“Like I’m running a fever,” she replied, her voice still shaky. “That means my leg’s infected,” she added and raised her head somewhat weakly to look down at it. But she was too dizzy to go further than that. “Damn it.”

“Yeah, you said it,” he replied and sat down on the edge of the cot again. “What now? I’m running out of ideas here,” he wanted to know, his voice nearly as shaky as hers.

Scully had closed her eyes again and just wanted to go back to sleep. “I don’t know, Mulder. Just keep on replacing the compresses. You’re doing a good job at keeping the fever and probably the infection at bay that way.”

“Glad to hear it,” he said, bemoaning the fact that he would have to continue to handle the icy water. But he said nothing. She had enough to worry about without having to worry about him getting frostbite. “Guess I’d better get some more water,” he added and got up again.

He continued his trek back and forth between the well whenever he needed fresh water, but by the time he did it for the tenth time, he had trouble holding onto the jug. He reached the well and nearly managed to drop it on the ground. “Shit,” he hissed, set it gingerly down on the ground and blew whatever hot air he could administer onto his distinctly bluish hands. He allowed himself a moment where he tried to get the feeling back in his fingers, then he wrapped his aching fingers around the rope for the bucket and lowered it into the well.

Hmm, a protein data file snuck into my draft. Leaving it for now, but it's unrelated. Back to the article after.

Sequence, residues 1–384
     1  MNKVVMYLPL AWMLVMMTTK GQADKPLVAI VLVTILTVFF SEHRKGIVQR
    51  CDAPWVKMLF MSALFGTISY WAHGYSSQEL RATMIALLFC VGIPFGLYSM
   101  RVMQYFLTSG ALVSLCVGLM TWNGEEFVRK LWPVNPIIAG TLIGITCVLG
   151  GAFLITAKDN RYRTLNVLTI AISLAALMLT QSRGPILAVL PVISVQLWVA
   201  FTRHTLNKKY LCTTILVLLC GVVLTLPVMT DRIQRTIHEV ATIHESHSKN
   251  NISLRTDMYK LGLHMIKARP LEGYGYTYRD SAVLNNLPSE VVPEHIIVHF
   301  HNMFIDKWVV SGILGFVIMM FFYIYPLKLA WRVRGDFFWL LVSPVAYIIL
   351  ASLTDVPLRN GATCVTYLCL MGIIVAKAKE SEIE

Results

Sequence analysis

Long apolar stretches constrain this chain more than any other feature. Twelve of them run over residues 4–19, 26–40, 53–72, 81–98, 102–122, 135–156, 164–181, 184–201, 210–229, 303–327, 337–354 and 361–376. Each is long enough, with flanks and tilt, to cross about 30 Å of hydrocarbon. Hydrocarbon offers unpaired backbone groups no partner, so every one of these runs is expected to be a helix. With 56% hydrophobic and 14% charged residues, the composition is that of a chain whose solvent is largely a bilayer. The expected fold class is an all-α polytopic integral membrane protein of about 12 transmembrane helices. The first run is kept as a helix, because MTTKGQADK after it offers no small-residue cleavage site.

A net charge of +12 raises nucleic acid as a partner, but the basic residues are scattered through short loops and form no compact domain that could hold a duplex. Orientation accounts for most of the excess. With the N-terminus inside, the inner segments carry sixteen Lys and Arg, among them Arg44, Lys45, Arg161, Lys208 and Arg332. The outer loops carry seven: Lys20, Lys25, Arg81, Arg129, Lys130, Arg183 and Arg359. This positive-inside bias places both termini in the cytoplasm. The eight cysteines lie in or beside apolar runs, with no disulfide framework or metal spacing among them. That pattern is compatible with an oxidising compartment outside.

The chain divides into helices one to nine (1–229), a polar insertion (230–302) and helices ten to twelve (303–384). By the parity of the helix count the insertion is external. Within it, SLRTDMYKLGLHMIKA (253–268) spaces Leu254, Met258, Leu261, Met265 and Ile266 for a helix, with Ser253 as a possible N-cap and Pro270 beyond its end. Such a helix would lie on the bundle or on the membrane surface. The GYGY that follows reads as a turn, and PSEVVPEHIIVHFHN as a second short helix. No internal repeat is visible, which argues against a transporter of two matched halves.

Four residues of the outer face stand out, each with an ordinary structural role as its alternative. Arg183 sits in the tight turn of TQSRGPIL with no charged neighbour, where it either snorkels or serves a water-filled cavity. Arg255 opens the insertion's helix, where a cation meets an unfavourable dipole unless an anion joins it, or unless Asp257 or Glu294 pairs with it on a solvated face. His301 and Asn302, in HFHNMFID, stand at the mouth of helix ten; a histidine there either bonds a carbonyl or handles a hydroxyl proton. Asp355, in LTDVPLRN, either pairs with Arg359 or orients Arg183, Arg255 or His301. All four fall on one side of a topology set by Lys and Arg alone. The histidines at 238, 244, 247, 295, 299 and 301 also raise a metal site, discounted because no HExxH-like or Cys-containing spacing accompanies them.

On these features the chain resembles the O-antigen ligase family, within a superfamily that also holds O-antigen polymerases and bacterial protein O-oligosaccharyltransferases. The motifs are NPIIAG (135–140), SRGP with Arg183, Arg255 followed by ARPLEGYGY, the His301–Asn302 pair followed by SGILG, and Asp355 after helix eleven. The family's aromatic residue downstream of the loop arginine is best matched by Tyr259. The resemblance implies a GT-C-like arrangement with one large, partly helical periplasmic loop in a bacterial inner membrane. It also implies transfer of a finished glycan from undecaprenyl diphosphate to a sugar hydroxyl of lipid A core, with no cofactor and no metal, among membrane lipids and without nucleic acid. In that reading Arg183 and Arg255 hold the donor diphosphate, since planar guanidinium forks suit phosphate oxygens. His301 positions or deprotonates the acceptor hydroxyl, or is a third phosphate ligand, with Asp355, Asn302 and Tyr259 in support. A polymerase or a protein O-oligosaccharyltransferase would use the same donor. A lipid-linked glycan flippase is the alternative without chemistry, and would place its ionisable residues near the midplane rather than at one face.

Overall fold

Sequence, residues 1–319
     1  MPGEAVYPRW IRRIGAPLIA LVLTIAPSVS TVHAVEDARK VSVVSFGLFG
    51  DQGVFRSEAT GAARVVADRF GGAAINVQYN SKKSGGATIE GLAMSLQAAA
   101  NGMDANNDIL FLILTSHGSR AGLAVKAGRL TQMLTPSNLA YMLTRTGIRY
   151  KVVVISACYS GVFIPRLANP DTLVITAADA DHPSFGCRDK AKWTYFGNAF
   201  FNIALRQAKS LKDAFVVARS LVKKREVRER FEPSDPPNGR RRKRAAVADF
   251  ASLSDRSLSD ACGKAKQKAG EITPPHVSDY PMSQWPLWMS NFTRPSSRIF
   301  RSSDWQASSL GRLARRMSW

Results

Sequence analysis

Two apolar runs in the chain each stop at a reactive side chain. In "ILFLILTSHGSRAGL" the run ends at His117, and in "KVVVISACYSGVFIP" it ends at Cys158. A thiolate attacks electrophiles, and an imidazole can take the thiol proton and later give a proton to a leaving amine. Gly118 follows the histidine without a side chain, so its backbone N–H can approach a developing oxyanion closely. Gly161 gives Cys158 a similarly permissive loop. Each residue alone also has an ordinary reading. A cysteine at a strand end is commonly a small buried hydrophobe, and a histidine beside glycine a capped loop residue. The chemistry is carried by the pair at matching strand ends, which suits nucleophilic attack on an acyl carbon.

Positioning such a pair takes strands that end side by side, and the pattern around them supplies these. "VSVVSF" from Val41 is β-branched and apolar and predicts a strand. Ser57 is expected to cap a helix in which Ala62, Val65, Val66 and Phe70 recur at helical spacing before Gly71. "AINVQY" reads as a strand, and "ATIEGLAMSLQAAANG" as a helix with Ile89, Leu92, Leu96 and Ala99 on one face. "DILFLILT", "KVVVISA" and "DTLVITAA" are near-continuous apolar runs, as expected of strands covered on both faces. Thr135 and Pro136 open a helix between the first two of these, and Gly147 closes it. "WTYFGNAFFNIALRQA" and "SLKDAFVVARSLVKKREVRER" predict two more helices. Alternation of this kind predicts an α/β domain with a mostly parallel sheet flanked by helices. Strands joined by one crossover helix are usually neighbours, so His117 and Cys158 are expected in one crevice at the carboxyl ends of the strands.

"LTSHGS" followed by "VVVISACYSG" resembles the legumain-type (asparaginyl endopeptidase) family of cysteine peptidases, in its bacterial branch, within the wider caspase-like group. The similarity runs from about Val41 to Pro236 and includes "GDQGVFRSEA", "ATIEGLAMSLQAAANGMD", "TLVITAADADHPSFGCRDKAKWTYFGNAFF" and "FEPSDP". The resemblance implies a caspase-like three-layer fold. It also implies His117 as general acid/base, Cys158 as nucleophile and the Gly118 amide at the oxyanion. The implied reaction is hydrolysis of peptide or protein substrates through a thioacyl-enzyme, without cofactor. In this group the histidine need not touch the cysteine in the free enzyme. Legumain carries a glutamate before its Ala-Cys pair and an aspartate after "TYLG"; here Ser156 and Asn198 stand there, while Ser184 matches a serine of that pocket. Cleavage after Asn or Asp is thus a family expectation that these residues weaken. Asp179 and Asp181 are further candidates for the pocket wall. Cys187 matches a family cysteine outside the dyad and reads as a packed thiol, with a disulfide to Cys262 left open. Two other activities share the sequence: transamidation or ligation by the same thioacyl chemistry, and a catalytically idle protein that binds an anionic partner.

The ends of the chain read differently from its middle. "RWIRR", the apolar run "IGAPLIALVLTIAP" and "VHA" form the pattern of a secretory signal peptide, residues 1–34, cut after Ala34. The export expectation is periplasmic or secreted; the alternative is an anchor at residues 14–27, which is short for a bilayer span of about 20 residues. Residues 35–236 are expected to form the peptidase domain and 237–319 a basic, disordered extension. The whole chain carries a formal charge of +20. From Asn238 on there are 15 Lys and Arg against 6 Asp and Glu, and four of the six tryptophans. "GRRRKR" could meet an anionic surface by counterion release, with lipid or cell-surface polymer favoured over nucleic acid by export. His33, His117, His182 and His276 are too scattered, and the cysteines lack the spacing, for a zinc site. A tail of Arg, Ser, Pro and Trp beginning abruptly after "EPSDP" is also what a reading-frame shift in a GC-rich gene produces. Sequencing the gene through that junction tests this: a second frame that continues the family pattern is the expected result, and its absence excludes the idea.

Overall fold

With a startled gasp, he lost his grip on the rope when Scully suddenly yelped. Swirling around, he hit the jug with his left foot and managed to trip himself over, breaking the jug at the same time as he landed flat on his face. “Ouch, damn it,” he snapped and pushed himself up again. A distinct stab of pain shot up from his left foot when he put his weight on it, but he was too preoccupied with Scully’s possible plight to pay too much attention to it, and hurried back to the cabin.

He expected that something had gone terribly wrong with her leg. He didn’t expect to see a huge, shaggy shadow hovering over her. Flabbergasted because of this odd development, he stopped short between the door and the cot, while trying desperately to make out more of the giant leaning over his partner. That proved to be a nearly fatal mistake, though. The behemoth raised its shaggy head, uttered a deep, guttural grunt and lashed out at him. There was enough power in that lash to sent him flying back out the door. He hit the ground and skittered backward over the hard, frozen ground until he hit the well hard enough with his head for him to pass out instantly. And so he didn’t hear Scully’s muttered complaints as the giant grabbed her and took off with her, leaving behind only a tuft of rough hair on a chip of the doorframe as a proof of its existence.